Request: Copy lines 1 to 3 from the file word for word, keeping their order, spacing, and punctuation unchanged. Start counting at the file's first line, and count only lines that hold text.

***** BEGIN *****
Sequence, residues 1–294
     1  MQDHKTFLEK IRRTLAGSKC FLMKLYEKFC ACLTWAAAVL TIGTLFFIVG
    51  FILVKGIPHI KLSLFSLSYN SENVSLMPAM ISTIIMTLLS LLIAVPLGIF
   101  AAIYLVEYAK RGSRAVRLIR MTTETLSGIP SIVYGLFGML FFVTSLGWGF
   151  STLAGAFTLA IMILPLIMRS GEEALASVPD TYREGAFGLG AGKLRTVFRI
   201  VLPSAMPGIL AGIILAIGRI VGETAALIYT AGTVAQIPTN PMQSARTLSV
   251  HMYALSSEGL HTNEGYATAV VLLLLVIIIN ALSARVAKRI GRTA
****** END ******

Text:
Sequence, residues 1–294
     1  MQDHKTFLEK IRRTLAGSKC FLMKLYEKFC ACLTWAAAVL TIGTLFFIVG
    51  FILVKGIPHI KLSLFSLSYN SENVSLMPAM ISTIIMTLLS LLIAVPLGIF